price was actually below the loan amount on the real estate, but the developer had been in default and the problems had led this opportunity. Market Overview The office market had been improving steadily along with general economic trends. Certain pockets in the city were clearly more popular with upscale tenants and commanded higher rents and occupancy. The Frisco Creek Building was less than three years old, fully leased and in a very strong office park area. Debt Financing As the deal had come together, RCP had sought out some traditional financing. Earlier in their history, RCP had used bank financing where they had excellent local relationships. However, the banks insisted on personal guarantees from the partners. While that had been appropriate in the beginning, their portfolio had grown and the partners had decided to pursue commercial mortgage lenders that would provide financing based on the security of the real estate. They had been successful in sourcing this kind of nonrecourse financing and planned to continue on this route even though deals took a little longer to put together. The commercial mortgage market was quite active for quality properties like the Frisco deal and RCP had received two mortgage financing commitments which they believed to be attractive. (See Exhibit B). RCP Equity Financing Model RCP had established a number of repeat investors, some with very deep pockets. They had structured a number of deals with these equity players and found a pattern in the investor structures. Deals were usually acquired in newly formed limited partnership entities with RCP acting as the general partner and the investor (sometimes more than one) acting as the limited partner. The financial arrangement that had evolved with most of the partners required RCP to put up a small amount of the required equity, usually 5%, just so they would have skin in the game as the investors liked to say. The limited partner would then fund 95% of the equity requirement. The limited partner would also receive an 8% preferred return (pref) on his money before allowing RCP to receive any cash. The basic deal was as follows: All operating cash flows (after debt service and reserves) would be distributed - first to satisfy the 8% prefto the limited partner (no accrual if insufficient) - next to satisfy a similar 8% return on the equity put up by RCP - then split 70% to limited, 30% to RCP All net proceeds of sale or refinancing event (net of debt payoff) would be distributed: - first to repay limited partner contribution - next to repay RCP contribution - next, a special distribution to limited partner to true up to a minimum 12% IRR (no similar true up on RCP funds) - then split 70% to limited, 30% to RCP Separate from the above allocations, RCP would earn a property management fee of 5% of EGI and a partnership management fee of 1% of invested funds (excluding RCP equity), not to exceed $30,000 annually. These were considered earned deal and administrative costs and not a distribution of cash flow or profits.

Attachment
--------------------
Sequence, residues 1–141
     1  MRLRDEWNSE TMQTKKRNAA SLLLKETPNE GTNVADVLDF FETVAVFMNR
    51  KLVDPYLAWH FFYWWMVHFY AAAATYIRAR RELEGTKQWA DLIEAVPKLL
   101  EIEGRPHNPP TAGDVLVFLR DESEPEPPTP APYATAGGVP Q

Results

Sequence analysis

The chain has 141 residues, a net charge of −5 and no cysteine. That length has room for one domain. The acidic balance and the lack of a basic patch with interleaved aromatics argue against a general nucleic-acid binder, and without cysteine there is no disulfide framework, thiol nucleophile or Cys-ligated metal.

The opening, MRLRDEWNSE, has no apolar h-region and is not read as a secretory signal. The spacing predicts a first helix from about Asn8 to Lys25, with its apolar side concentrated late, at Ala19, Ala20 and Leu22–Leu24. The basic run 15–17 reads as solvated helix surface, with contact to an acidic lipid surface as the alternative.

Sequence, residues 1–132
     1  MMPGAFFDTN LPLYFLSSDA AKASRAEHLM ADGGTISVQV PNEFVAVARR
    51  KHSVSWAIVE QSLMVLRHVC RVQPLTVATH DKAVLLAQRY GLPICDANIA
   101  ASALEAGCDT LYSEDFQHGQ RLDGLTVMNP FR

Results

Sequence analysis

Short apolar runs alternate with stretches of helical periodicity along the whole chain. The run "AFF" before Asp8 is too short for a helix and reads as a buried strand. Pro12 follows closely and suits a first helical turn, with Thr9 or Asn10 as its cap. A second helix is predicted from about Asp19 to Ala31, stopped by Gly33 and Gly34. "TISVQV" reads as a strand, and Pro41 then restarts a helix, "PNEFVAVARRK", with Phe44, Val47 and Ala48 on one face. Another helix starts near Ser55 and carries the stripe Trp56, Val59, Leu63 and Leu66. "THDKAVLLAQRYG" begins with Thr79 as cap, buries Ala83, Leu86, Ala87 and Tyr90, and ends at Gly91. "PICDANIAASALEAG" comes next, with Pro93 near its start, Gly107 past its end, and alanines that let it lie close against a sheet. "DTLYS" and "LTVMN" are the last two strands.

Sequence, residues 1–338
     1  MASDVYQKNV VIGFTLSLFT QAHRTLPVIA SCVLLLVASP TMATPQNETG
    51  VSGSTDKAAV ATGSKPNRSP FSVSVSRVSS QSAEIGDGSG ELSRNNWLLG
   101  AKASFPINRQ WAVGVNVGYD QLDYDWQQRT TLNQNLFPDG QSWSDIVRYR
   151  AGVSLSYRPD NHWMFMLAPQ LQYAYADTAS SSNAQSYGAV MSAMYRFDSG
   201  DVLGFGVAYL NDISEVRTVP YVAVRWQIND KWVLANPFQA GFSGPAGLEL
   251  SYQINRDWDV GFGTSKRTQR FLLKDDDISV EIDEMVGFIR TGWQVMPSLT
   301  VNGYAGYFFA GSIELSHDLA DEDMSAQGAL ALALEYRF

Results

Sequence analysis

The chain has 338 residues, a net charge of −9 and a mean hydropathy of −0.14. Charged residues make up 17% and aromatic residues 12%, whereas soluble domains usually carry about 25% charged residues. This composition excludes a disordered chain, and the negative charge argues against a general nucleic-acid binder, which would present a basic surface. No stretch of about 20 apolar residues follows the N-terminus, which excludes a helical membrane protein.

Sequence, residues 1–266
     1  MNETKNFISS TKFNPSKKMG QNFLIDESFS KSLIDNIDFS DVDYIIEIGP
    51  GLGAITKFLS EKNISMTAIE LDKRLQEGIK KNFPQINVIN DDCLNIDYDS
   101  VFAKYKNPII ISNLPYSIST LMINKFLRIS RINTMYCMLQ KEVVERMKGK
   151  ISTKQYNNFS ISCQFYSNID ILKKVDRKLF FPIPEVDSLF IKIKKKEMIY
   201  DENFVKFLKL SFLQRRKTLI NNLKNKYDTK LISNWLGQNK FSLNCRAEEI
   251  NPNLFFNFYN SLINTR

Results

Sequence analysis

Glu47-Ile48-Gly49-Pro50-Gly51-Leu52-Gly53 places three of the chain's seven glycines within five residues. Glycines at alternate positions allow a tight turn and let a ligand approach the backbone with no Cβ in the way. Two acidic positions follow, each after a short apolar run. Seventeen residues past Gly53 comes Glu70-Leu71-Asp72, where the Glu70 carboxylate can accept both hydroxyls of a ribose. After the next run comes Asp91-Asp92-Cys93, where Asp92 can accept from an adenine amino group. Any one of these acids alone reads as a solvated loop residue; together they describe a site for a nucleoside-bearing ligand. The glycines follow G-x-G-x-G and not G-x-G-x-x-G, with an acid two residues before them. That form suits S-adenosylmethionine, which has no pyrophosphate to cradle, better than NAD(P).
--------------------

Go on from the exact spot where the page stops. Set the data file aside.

The Frisco deal had already been floated to a few of the key investors, and preliminary interest was strong. Deal sheets consistent with the above were already in circulation and the RCP partners were fairly confident a deal would crystallize. It was time to send out proformas and get an investor commitment. Whether an investor would finally commit was usually dependent on how much risk they saw in the specific deal and if the expected return on their invested funds was adequate. This varied on a deal by deal basis given the quality of the real estate and the nature and level of debt financing (and other factors). RCP believed that the risks inherent in this deal and with their financing commitments would likely mean they would have to show the investors that they could expect a 15% internal rate of return on the deal over the expected five year holding period. Real Estate Analysis Frank knew he needed to put together some comprehensive spreadsheets that showed the investment and all the relevant cash flows. This meant a complete waterfall analysis showing what cash was available to be distributed to whom. Though he normally might do quarterly or even monthly projections, given the time constraints, he decided to do a simple annual analysis for the partner review process. They expected to hold the property for 5 years and believed the market would be sufficiently liquid that theyd be able to sell the property. Office cap rates for this class of building were about 8.0% and they believed that would hold true when they were looking to sell the property except that they should probably add 50 basis points for the additional age of the building 5 years from now. Expected commissions and selling expenses would likely total 4% of proceeds. Partner Return Analysis and Cash Distributions The equity partners were always concerned about when they would receive cash. RCP had to manage the cash position of the partnership and knew that, once distributed, it was difficult to call for additional cash from the limited partners. For this reason they had adopted a practice of reserving some of the cash flow (beyond their capex expectations) for emergencies. For this deal, they decided theyd like to maintain a cash position of at least $50,000. At closing, theyd reserve $25,000 and then build to the $50,000 figure from operating cash flows. After meeting these needs, RCP would distribute cash in accordance with the partnership agreement that would be along the lines discussed above. Tax Considerations The limited partnership entity used to hold legal title of the real estate would not be a tax paying entity. For this reason, there was no need to calculate taxes payable or due in the proforma exercise. However, the partners understood that this entity is a flow-through for tax purposes. Thus any taxable income or loss would be allocated to them annually when the K-1 tax forms were sent out. Further they all understood that tax allocations could vary substantially from actual cash distributions and this provided endless tax planning headaches for the partners. For this reason investors typically asked for a projection of taxable income allocations by year along with the proforma information. The Decision A decision had to be made by Monday at least with respect to the $300,000 earnest money contract. Frank had asked for an extension, but had been denied as apparently there were other buyers waiting in line. Investor interest was high, but actually getting a commitment by Monday was probably impossible.